I had 2 biters. I think biters are usually boys. Maybe it has something to do with the Y chromosome; missing information or something. Or maybe it's an instinct because it was almost always after a toy was taken away. Although one time, my son was at swimming lessons and he bit his teacher. I wasn't there at the time but he had to sit out for the rest of the lesson and that was the last time he bit. I made him make her a "sorry" card and apologize. He was 5. You just have to talk to them and make it really clear that one does not bite other people because not only does it hurt their hand (or other body part) but it hurts their feelings and makes them sad. But anyway, I am glad you can "exhale" at parties now. I definately know the feeling!

Jessica Haley said...

Ariana, it's nice to know I'm not alone! Lori, I was like you, I stopped going to any and every play date, so it was a really lonely time in my life. Gosh, the 3 of us should have just gotten together--let 'em all bite each other and learn their lessons, lol!

The Roots said...

I follow your blog & have never commented before, but I have to now! I was so touched by your honest post about Aidan's biting. My 2 1/2 year old doesn't bite, but he pinches. His sisters, little girls at the park, etc. It is usually unprovoked, I think it is his way of releasing frustration, and feeling powerful and in control. It makes me so sad, for the other children, yes, but also because I know he is expressing the chaos he must be feeling in that moment.
Thanks for being so open and candid about this and the feelings that go along with it for us mamas, I think by talking more about it, it won't be such a shameful thing.

Jessica Haley said...

Roots, thanks so much for your comment. It's a funny thing, aggressive behavior is really normal during the toddler years, but it doesn't make it any less embarrassing or frustrating--at least it hasn't for me. Aidan, likewise, was really frustrated all the time. I think maybe he was confused or overwhelmed. Anyway, I will be thinking of and praying for your little man. :)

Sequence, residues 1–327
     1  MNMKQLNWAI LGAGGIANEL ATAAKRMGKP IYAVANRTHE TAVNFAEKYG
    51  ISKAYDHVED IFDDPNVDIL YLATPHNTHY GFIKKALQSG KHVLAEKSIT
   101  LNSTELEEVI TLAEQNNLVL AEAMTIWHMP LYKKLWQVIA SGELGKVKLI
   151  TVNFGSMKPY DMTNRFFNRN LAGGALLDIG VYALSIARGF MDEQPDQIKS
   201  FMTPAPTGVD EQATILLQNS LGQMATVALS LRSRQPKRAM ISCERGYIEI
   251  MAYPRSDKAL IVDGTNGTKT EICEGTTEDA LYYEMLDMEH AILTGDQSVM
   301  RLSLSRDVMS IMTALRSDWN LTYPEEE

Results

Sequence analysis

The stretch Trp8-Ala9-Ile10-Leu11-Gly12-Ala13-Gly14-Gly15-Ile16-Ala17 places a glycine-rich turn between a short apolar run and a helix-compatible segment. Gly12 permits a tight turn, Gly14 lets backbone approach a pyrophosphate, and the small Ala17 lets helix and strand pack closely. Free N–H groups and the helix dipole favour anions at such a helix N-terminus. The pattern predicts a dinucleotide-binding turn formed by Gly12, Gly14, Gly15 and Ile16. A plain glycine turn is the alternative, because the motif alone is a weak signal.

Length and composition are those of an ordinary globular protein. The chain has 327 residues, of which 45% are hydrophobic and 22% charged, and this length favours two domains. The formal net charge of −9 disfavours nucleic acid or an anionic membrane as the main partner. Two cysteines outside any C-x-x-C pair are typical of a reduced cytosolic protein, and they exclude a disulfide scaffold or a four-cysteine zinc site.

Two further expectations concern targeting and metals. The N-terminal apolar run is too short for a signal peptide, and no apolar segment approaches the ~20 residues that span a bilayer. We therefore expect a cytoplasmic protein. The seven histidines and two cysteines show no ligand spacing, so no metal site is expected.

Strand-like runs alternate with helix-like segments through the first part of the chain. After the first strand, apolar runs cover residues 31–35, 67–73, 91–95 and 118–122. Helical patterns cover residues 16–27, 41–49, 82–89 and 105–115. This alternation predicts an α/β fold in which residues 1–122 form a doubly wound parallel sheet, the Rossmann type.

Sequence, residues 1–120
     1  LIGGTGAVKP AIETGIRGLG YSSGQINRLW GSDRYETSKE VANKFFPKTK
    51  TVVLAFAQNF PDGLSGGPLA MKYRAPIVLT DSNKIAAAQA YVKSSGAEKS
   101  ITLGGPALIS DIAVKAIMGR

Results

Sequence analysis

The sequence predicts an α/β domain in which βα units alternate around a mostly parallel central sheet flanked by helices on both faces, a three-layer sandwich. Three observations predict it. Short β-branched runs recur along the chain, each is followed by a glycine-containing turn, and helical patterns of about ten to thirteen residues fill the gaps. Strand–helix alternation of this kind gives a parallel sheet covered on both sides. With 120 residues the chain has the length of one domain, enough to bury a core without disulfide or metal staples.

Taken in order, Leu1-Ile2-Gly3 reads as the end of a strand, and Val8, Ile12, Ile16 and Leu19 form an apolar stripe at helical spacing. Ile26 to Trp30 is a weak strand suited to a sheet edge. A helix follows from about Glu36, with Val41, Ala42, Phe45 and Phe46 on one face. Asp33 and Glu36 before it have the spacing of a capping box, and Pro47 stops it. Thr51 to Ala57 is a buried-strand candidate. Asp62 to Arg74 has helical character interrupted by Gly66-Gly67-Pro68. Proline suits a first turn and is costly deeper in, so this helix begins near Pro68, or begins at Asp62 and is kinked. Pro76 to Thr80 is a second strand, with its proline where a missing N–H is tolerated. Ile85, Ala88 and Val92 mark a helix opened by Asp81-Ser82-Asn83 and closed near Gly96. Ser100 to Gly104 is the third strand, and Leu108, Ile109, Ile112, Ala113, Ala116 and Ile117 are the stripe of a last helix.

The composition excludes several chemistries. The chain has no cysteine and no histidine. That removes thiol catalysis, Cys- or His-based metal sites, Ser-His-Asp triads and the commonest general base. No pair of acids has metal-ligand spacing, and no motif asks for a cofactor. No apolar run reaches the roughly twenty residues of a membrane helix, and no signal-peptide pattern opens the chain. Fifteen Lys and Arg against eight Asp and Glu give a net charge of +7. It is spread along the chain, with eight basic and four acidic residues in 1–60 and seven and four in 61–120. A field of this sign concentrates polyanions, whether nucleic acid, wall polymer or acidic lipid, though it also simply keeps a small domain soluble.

The Rose Room said...

Hi there, I just went back and read the autism post, maybe your little boy has Asbergers Syndrome which is a milder form of autism. My friend has a son who has this condition, incredibly gifted child but with some social/behavioural issues that generally improve with age. Just a thought. I have read your entire blog and think he is a beautiful child! Take Crea - Rachaelxo

Amy said...

Luke was a biter, thankfully mostly to us and a therapist or two. But it drove me crazy.
And birthday parties were always very overwhelming for Luke. He is just now enjoying them. I'm so glad Aiden is too. It's very isolating to never attend events and walking on eggshells is exhausting.
Sounds like Aiden is making really great progress.

Jessica Haley said...

Amy, it does seem like Aidan is doing well. He still has strong attachments to toys. Overall, he seems better. We take it one day at a time. My, oh my, he does not have a single "laid back" bone in his body, though.

Rachaelxo, thanks so very much for your kind word and for stopping by!

anne b. said...

I just found my way here to your blog from an Etsy forum. Wow, what a wonderful place, your blog. Reading your eloquent and open words about having a "biter" was soothing -- I've had a biter (or two ... or is it three?...), and I think the hardest thing about it is the judgement rather than understanding and sympathy from other parents, and the resultant stress and discomfort for me. Ah, the eggshells. I think I will always walk on them with one of my kids, but it does get easier as he and I both learn how to handle situations as they arise.

anne b. said...

I just found my way here to your blog from an Etsy forum. Wow, what a wonderful place, your blog. Reading your eloquent and open words about having a "biter" was soothing -- I've had a biter (or two ... or is it three?...), and I think the hardest thing about it is the judgement rather than understanding and sympathy from other parents, and the resultant stress and discomfort for me. Ah, the eggshells. I think I will always walk on them with one of my kids, but it does get easier as he and I both learn how to handle situations as they arise.

Jessica Haley said...

Anne,

thanks for stopping by :) yes, I think sometimes as moms we need to put on a front that everything is "busy but good." Sometimes parenthood it just hard--wonderful, but definitely hard, too. I hope we can encourage each other in the journey :)